Table Rock is burning, and it's about time
Helen Mohr works for the U.S. Forest Service. She also grew up almost literally in the shadow of Table Rock Mountain. So when she says that burning the land is a deep-rooted thing here in a way that it isn’t elsewhere, you might want to listen.
“A lot of that is due to how we were culturally brought up here in the South,” Mohr says. “How we burned grandma and grandpa’s farm, and how all the neighbors came out and it was a group effort, and how we all sat down and broke bread and had a meal after the day was over and the burn was successful.”
Turns out that the Southeast burns more acres on purpose than anywhere else in the country, she says – and this could explain why large-scale wildfires are not so common in South Carolina.
Mohr explains this as a horror film-level of smoke rolls its way up the footpaths intersecting at a low-altitude spot on Table Rock on a stunningly blue April day. Around us, techs from the South Carolina Forestry Commission and The Nature Conservancy SC purposely set the dried leaves and pine needles ablaze.
In this 35-acre zone, fire techs are eliminating the fuel that could feed a catastrophe. With so much leaf litter on the ground, a spark in just the right conditions could get out of control in a hurry, so these prescribed fires are needed, controlled, scrupulously attended (there are a lot of fire techs and a lot of water on hand in case of surprises), and heavily dependent on the weather.
The last is why it’s taken so long, despite a fire season that’s seen hundreds of recorded wildfires in South Carolina since November, to get this particular burn at Table Rock State Park to happen. There was talk of my dropping by to witness a prescribed burn as early as February, but every week was either too wet, too windy, or too both until a nice, calm, low-humidity Monday opened up.
“We have to have very precise weather conditions,” Mohr says. “We have to have highly trained staff who have experience putting fire on the ground in a controlled manner. That’s hard for people to understand sometimes – like, how do you control a fire?”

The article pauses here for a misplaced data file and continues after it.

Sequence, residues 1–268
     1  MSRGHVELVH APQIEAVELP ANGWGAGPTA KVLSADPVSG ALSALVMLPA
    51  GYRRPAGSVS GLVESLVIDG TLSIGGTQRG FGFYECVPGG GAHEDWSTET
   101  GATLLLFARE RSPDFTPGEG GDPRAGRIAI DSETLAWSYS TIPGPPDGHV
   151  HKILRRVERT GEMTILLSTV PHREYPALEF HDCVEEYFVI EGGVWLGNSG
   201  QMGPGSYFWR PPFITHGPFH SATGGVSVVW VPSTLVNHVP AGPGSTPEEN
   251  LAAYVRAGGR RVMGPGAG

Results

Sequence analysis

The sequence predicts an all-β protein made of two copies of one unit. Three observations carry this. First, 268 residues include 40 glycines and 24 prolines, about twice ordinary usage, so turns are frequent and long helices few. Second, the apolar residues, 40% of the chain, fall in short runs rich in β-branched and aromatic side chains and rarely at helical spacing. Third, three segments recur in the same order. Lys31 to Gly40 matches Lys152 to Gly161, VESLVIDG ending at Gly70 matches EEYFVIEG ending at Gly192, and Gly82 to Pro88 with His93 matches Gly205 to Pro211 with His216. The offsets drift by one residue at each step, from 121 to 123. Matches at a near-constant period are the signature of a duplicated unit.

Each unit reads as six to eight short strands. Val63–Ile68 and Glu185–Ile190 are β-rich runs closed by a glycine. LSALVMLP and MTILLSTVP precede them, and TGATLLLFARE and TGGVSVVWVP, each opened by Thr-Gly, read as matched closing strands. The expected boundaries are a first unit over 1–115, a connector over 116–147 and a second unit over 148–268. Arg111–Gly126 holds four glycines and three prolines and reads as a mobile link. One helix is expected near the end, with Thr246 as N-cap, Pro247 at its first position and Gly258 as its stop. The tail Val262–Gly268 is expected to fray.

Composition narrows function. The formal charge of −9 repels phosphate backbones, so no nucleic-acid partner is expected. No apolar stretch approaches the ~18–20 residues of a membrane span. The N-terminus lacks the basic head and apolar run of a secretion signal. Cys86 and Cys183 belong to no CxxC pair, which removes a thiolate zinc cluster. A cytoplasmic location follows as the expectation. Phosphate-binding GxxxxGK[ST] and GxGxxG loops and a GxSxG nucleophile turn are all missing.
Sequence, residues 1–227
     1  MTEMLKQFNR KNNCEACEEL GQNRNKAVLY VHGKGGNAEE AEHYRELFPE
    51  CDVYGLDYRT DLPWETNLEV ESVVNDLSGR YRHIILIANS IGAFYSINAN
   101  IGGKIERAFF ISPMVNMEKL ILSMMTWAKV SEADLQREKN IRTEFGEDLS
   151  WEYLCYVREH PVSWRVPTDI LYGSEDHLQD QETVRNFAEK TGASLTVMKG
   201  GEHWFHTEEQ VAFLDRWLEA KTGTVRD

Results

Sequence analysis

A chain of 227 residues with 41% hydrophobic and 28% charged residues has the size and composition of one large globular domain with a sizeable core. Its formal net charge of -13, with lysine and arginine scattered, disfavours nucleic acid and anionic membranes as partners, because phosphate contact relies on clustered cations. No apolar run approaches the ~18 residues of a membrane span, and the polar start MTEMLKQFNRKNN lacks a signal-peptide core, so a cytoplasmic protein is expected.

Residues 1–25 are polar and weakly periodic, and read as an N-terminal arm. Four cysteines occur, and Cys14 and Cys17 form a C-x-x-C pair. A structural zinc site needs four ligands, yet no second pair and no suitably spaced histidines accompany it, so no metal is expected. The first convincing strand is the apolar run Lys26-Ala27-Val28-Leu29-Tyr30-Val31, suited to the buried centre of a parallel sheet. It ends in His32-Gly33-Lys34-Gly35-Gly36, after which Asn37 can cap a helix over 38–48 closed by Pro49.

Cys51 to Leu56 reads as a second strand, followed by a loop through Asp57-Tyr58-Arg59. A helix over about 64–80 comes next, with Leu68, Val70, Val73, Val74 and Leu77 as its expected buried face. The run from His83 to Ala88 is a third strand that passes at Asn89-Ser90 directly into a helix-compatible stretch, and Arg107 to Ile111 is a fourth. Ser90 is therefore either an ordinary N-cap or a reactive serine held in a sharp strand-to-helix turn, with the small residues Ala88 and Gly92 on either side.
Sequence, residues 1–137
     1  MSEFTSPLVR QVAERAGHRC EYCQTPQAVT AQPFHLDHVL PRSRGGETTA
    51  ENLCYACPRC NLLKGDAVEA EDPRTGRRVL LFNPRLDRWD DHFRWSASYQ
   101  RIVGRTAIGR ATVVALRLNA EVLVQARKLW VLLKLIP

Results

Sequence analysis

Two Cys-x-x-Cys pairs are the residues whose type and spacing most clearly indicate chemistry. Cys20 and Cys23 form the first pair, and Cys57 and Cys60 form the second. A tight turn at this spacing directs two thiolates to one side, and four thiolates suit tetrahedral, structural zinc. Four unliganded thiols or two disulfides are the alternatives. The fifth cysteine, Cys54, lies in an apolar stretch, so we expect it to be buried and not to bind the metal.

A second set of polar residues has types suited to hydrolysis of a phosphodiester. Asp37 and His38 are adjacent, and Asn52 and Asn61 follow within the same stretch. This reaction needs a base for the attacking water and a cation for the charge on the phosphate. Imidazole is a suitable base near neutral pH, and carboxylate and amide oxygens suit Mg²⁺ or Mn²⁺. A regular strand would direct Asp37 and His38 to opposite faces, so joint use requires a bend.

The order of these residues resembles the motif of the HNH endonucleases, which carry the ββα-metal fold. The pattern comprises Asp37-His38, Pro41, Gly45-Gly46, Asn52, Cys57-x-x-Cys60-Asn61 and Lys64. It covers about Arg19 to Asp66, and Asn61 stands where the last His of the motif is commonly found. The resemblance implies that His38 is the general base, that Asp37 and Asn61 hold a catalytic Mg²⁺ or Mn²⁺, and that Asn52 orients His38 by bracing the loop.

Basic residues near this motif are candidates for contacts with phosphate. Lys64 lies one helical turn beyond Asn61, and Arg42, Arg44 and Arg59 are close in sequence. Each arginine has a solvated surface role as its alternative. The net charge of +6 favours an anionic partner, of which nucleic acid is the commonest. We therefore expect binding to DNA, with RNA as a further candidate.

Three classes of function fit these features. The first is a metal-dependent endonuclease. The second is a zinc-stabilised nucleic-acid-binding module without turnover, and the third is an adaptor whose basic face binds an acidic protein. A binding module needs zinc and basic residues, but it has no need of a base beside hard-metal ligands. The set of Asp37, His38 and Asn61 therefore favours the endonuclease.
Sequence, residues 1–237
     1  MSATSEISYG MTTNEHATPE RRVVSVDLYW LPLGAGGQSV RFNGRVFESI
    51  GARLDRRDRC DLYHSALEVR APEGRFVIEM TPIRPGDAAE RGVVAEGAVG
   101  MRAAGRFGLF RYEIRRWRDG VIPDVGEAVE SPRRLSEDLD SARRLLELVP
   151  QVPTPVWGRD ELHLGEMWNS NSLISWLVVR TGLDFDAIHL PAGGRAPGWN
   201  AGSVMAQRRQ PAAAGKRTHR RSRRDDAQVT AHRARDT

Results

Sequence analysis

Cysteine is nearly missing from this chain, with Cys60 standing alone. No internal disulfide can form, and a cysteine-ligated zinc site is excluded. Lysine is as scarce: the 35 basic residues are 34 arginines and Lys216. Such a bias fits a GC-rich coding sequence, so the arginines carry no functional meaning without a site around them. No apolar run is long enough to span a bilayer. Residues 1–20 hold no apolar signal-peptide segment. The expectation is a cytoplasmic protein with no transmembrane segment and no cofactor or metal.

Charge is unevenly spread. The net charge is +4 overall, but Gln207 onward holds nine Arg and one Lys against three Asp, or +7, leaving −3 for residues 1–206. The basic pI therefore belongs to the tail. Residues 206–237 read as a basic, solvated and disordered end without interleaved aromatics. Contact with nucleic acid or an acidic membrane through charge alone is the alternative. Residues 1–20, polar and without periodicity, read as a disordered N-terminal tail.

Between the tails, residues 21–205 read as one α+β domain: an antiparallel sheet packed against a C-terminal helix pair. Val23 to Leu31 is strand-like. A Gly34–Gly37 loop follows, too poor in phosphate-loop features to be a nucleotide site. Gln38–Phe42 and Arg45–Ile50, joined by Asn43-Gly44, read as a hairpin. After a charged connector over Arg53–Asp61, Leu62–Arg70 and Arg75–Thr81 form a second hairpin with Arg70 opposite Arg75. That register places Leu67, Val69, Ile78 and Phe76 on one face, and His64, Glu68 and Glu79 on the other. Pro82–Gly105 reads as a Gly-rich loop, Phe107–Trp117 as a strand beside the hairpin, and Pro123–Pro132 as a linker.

And while it might seem counterintuitive to set a fire to preempt another fire, Mohr says there are plant species that count on the woods burning in order to survive.
“Table mountain pine is one,” Mohr says. “It has a serotinous cone, which means it needs fire for that cone to open and fire to prepare the seedbed on the forest floor for that tree to germinate. Without fire, this tree is in decline.”
As the smoke gets thicker (and thicker), at least two eyes start to burn too. All the other eyes, belonging to veterans of mountain fires, don’t so much as tear up. No one is masked against the smoke and no one (else) coughs. We’re all just walking around, following the crackling hiss of hot safety. Mohr swears it’s just a matter of getting used to it.
It’s all a rather well-choreographed dance up here, where a whirring motor keeps a hose line of water at the ready and where leaf blowers – really – wait to help blow errant embers back into the fire before they get a chance to cause any bigger troubles.
Dances like this don’t just happen, says Michael Trotter, park manager at Table Rock State Park. They require help from agencies that are equipped to handle a burn like this.
“We lack a lot of the technical and equipment needs to get prescribed fire on the ground,” Trotter says, down at the edge of the lake, a few hundred yards away from the cloudy smoke above. “Without the partnership and the efforts of the Forestry Commission and the Forest Service, we wouldn’t be able to engage in these resource management activities that our public lands need."
Partnerships like these, which also include the Nature Conservancy and local fire departments, are part of the Southern Blue Ridge Fire Learning Network. This network is one of several similar consortiums of fire professionals and conservationist agencies aiming to keep healthy fire happening and destructive fire quiet. The Southern Blue Ridge Fire Learning Network keeps an eye on the western Carolinas, northeastern Georgia, and southeastern Tennessee.
These choreographed prescribed burns were set to begin in 2016 – the year South Carolina’s largest recorded mountain fire burned 10,000 acres at Pinnacle Mountain.
“We actually had a Firewise training session set up [for] the very week that the Pinnacle fire happened,” Trotter says. “We joke and say we were overachieves, we just went ahead and burned the whole thing.”
Though a huge fire for South Carolina, Pinnacle didn’t take a single human life, nor a single structure. But Totter says he has no plans to overachieve again, and especially none to count on being so lucky about lives and buildings next time.
But as destructive as Pinnacle was to the forest, it ultimately ended up doing something else that prescribed fires do – it led to rebirth.
“I spent a year after the Pinnacle Mountain fire walking the Carrick Creek Trail, like, once a week,” Mohr says. “I would take a series of photos, and I have a whole album of wildflowers that came up as a result of that wildfire.”